Want your Halloween costume to really stand out of the crowd?
Try dressing up your car.
Whether you’re taking the kids out trick-or-treating or heading out for a Halloween party with friends, making your car a part of your costume ensures you’ll arrive in style and make a big impression. After all, many people dress up as Ghostbusters on Halloween, but how many of them show up in the Ecto-1?
With the right vehicle, some craft supplies, and a little bit of creativity, you can make it happen. Below are some tips for making some specific car costumes, along with some general decorations you can use on any car.
Some pop culture costumes are tied to specific, recognizable cars. Since you’re unlikely to have access to, say, a 1959 Cadillac Ambulance, we’ve come up with some modern stand-ins that can be used instead.
The General Lee
The Original: A 1969 Dodge Charger stock car.
Modern Replacement: A new orange Dodge Challenger.
How To: This costume can be surprisingly simple: just use washable paint to create an “01” on each side, and possibly write “General Lee” above each door. Forget about including the original car’s rooftop rebel flag; besides being controversial, it’s hard to paint and hard to see from the ground. Then you just have to practice climbing in and out of the windows (as a stock car, the General Lee famously has its doors welded shut).
Goes Well With: Bo, Luke, or Daisy Duke costumes.
The Original: A modified 1982 Pontiac Trans Am.
Modern Replacement: A black Corvette.
How To: The one exterior feature that makes the Knight Rider car instantly recognizable is the pulsing red scanner light at the front of the hood. Some red washable paint or a strip of red masking tape makes for a quick and easy facsimile.
Goes Well With: Michael Knight’s signature outfit is a solid color shirt, black leather jacket, and jeans. Big Hasselhoff hair is a plus.
The Original: A 1983 GMC Vandura.
Modern Replacement: A GMC Savana.
How To: The original van was black and gray, with a distinctive red stripe that ran from the front of the hood to the spoiler at the back of the roof. If you have a black or dark gray van, you can skip the two-tone and just add on the red stripe. A homemade spoiler is optional.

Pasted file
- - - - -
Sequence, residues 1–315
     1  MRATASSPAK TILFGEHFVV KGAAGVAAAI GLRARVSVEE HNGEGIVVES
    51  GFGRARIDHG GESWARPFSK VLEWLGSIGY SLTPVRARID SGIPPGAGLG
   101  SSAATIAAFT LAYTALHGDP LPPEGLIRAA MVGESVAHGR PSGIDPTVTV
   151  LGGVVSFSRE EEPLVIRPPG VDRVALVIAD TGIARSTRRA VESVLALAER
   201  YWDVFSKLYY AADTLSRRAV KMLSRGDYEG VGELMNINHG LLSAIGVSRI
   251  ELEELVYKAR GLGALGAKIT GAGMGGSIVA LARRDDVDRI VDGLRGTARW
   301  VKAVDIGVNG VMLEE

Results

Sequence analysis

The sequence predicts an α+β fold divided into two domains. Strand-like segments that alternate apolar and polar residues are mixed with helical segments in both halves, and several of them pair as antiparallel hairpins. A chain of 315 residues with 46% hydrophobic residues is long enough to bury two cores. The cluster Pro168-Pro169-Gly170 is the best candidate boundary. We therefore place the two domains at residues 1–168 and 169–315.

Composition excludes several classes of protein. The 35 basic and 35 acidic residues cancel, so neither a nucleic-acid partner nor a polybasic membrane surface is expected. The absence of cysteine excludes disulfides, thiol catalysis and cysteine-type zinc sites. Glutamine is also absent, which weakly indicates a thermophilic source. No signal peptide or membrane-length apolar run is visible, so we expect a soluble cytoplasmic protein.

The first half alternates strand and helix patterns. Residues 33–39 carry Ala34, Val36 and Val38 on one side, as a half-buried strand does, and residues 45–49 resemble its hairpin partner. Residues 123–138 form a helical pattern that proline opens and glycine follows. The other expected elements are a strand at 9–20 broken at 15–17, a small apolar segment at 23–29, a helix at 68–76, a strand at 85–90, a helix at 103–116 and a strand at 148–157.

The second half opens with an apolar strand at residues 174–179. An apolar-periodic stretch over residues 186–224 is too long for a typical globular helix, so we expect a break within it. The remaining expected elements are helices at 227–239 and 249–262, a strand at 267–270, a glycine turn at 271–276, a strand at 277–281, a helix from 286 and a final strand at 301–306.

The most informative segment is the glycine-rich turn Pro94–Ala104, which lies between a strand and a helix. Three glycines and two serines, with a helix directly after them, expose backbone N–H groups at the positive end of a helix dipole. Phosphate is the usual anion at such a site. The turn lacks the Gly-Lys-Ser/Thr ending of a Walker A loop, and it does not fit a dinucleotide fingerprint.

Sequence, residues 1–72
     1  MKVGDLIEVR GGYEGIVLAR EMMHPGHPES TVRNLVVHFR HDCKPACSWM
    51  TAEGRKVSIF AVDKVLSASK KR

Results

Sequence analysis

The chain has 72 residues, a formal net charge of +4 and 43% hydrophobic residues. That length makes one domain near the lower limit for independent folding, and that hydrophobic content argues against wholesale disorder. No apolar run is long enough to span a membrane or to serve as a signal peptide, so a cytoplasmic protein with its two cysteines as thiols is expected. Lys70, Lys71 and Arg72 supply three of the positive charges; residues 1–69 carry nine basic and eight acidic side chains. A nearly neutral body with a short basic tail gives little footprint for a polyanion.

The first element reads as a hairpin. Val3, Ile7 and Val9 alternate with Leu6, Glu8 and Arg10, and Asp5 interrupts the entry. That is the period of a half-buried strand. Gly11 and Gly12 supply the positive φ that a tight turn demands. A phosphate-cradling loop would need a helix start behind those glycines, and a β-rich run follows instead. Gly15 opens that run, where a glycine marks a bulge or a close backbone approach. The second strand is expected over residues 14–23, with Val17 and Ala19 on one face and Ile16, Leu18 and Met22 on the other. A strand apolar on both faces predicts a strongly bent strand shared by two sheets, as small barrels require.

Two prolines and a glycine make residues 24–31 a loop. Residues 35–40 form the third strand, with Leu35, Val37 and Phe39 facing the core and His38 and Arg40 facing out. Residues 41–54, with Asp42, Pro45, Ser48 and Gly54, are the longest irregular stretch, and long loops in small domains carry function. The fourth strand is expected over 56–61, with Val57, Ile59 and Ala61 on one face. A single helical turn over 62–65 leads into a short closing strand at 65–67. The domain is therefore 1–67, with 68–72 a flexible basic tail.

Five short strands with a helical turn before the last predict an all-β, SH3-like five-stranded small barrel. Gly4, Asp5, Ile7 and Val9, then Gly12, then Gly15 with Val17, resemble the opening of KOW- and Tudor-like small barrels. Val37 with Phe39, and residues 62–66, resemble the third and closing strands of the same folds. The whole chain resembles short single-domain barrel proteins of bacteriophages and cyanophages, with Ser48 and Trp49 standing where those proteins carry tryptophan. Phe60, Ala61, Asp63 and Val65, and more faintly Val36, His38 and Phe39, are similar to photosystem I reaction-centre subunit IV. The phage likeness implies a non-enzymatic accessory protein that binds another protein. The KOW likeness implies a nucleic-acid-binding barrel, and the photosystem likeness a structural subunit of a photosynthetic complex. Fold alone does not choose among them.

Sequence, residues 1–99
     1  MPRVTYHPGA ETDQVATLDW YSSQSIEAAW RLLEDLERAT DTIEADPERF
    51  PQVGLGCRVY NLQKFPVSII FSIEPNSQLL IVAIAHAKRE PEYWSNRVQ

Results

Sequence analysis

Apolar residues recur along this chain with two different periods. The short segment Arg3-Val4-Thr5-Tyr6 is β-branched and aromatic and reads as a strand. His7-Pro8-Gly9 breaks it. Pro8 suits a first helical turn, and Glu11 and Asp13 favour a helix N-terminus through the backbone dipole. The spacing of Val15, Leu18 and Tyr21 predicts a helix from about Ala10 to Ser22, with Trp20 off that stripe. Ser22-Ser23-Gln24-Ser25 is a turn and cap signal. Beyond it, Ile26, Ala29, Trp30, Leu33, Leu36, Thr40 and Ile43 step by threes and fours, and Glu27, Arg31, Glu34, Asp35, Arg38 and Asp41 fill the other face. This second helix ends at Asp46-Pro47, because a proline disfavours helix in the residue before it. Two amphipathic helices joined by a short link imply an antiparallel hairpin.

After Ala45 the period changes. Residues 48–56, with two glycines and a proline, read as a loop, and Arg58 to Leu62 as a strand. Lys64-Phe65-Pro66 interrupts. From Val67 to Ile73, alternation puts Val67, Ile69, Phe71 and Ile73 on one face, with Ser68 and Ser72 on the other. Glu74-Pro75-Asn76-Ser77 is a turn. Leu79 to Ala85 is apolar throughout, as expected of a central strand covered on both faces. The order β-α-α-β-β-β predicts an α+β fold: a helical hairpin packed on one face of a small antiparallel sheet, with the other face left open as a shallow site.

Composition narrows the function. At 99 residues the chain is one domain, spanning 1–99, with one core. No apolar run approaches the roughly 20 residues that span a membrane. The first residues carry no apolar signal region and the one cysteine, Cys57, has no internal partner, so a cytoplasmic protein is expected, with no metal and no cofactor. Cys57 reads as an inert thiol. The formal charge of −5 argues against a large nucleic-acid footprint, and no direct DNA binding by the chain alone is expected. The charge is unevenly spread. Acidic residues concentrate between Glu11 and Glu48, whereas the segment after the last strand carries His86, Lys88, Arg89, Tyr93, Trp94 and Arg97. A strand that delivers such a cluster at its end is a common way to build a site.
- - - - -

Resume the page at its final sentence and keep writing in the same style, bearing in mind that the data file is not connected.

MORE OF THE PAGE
Goes Well With: We pity the fool who doesn’t wear a Mr. T costume.
The Original: A 1959 Cadillac Ambulance/Hearse.
Modern Replacement: Any white station wagon or low-slung crossover SUV with a cargo rack. We particularly like the ghostbusting looks of the Saab 9-3X, though that might be as hard to find as a ‘59 Caddy. We have seen a rather cool one made from a Dodge Magnum.
How To: Put a Ghostbusters logo on the door, and then strap every old vacuum cleaner, fire extinguisher, hose, battery-powered light, weather vane, or failed science experiment you own to the rooftop cargo rack.
Goes Well With: A Ghostbuster costume, of course, though you can also bring along some ghosts to bust (it is a wagon, after all, with plenty of seats).
The Original: A cartoon race car.
Modern Replacement: A red Mazda MX-5 Miata, though a Mazda2 could also suffice.
How To: We chose the Mazda because it already looks like it has a smiling face. All you need to do is add some white teeth to the grille and put a lightning bolt and “95” racing number on the side. Eyes on the windshield are nice if the car is parked, but you’ll need to leave clear visibility for your own eyes when driving.
Goes Well With: Lightning McQueen doesn’t technically have a driver, but we’d go with a NASCAR costume for yourself.
Back to the Future Time Machine
The Original: A 1981 DeLorean DMC-12.
Modern Replacement: Any silver coupe, such as a 2-door Honda Accord. Gullwing doors optional.
Photo Source: Concavo Wheels.
How To: The time machine has two fin-like black vents on the back, which could be made easily enough from cardboard. You can then tape some old electrical cord around the car, running below the doors, above the fenders, and along the bumpers. (Just don’t try driving 88 mph.)
Goes Well With: A Doc Brown white jumpsuit and wig, or a Marty McFly sneakers, jeans, and denim jacket ensemble (don’t forget your “life preserver” orange vest!).
Easy Decorations for Any Car
OK, so maybe your old car doesn’t work for any of these specific car costumes. That doesn’t mean you can’t still decorate it for Halloween.
- Fake spiderwebs are easy to find in October, and can be stretched over your car just as easily as you can hang them in your apartment.
- Any car looks scarier with pointy teeth, which we’ve seen on grilles or inside the trunk.
- Car eyelashes are semi-popular, and actually make sense at Halloween.
- Trying to turn your car into a modern version of the Batmobile would be futile, unless you happen to own a tank. However, you can attach some bat wings if you’re going out as Batman or Dracula.
- It’s a bit morbid, perhaps, but we’ve seen people get creative with dummies strapped onto or smashed into various parts of the car.